Review – Airbag – A Day at the Beach

“No matter how corrupt, greedy, and heartless our government, our corporations, our media, and our religious & charitable institutions may become, the music will still be wonderful.” ― Kurt Vonnegut

Crikey, there’s a quote that’s stood the test of time and how true it is. I am sat here listening to the much anticipated new album from the Norwegian masters of artful, melancholic prog, Airbag and it really has hit a nerve in the times we are living in. The soaring solos and mournful vocals paint a sparse musical scene but stir the soul and touch the heart in ways nothing else can.

A Day at the Beach’, the band’s fifth album, was released on 19th June, a mere four years after its predecessor ‘Disconnected’. Lyrically, it is very much a story of us and them, told by a husband, father and brother leaving his family behind into an unknown future. It’s the contrast between the desperate individual struggling to survive and people in power observing at a safe distance. 

For the production of “A Day at the Beach”, Airbag has once again teamed up with long-time collaborator and engineer Vegard Sleipnes and it was mastered by Jacob Holm-Lupo. The album is produced by Asle Tostrup and Bjørn Riis and, as always, the cover is designed by vocalist Tostrup. The album, which is their first as a trio, also features talented guest musicians including Kristian Hultgren (Wobbler).

‘A Day at the Beach’ consists of six new songs recorded during autumn and winter of 2019-20 and inspired by the resurgence of 1980s electronica, new wave and movie scores. The album is an ethereal soundscape of cinematic vastness with a brooding, primeval backdrop.

Asle Tostrup’s vocals almost have a krautrock sensibility to them as he delivers each perfectly enunciated word. The music is full of tension and yet there is a wistful, almost nostalgic undercurrent that lies beneath. Central to the band’s sound is the incredible guitar work of Bjørn Riis, the vivid precision of his playing lends an otherworldly aura to every track and when he unleashes a solo it is a thing of iridescent wonder.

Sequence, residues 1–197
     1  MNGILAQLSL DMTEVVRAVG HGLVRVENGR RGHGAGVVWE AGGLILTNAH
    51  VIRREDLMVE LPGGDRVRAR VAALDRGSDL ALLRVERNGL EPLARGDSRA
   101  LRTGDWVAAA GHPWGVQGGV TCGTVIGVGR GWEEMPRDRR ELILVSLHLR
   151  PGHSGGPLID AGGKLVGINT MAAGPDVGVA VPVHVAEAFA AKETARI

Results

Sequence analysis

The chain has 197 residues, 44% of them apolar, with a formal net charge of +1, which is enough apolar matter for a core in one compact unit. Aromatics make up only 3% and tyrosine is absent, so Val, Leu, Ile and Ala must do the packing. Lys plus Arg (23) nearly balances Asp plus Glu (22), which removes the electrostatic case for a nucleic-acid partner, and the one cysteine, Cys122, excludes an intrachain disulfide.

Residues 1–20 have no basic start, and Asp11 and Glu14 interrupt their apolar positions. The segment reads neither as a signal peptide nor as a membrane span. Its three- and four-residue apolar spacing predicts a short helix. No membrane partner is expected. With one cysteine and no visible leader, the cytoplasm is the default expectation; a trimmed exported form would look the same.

Every track is a mesmerising wonder of restrained grace, elegance and class with world weary feel deep at their core. Opener Machines And Men is ten minutes plus of Scandinavian theatrical brilliance with a driving, graphic urge that almost puts you in fight or flight mode and the complimentary A Day at the Beach (Part 1) puts you in a state of calm reflection with its laid back, almost intangible air washing over your senses.

The highlight for me is the utterly magical Into The Unknown, a mesmerising two-part melting pot of electronica inspired synthesisers, beats and percussion complimented by Asle’s halting vocals and a faint, background guitar that fades out before returning in all its guitar blazing glory. A jaw-droppingly brilliant piece of music that I listen to all the time, the guitar playing is just entrancing and spellbinding and will take you to another world (unfortunately only metaphorically!), take a bow Bjørn…

Sunsets is a much more in your face and urgent song with a rather funky bassline that is delivered with a compelling and weighty overtone. A powerful guitar riff, dominant drums and an authoritative vocal driving the track along with a much heavier vibe before swathes of stylish keyboards and punchy guitar wash over you. A Day at the Beach (Part 2) is an instrumental that gives a Scandinavian left field vibe to a Tangerine Dream soundscape, it draws you in and captivates you with its mesmerising repetitive tone.

The album finishes with the heart-rending, raw brilliance of Megalomaniac, near ten minutes of painfully exquisite music that leaves nothing out, like a soul laid bare for all to see. It builds slowly with Asle’s touching vocal and Bjørn’s haunting, plaintive guitar and the ever present edge of the percussion, digging deeper into your psyche and breaking down any barriers. A harsh, strident guitar riff then breaks clear before an utterly majestic guitar solo, full of pain but countered by pathos, dominates the song, leaving you spent and overcome with emotion.

Airbag have returned with a complex release, musically and emotionally. A serious album and one that is seriously impressive, combining ethereal soundscapes with their signature guitar driven progressive rock. They have created a mature, powerful sound that inspires on many levels, delivering one of the most sophisticated releases of the year.

Released June 19th 2020.

Order from bandcamp here:

https://airbagsound.bandcamp.com/album/a-day-at-the-beach

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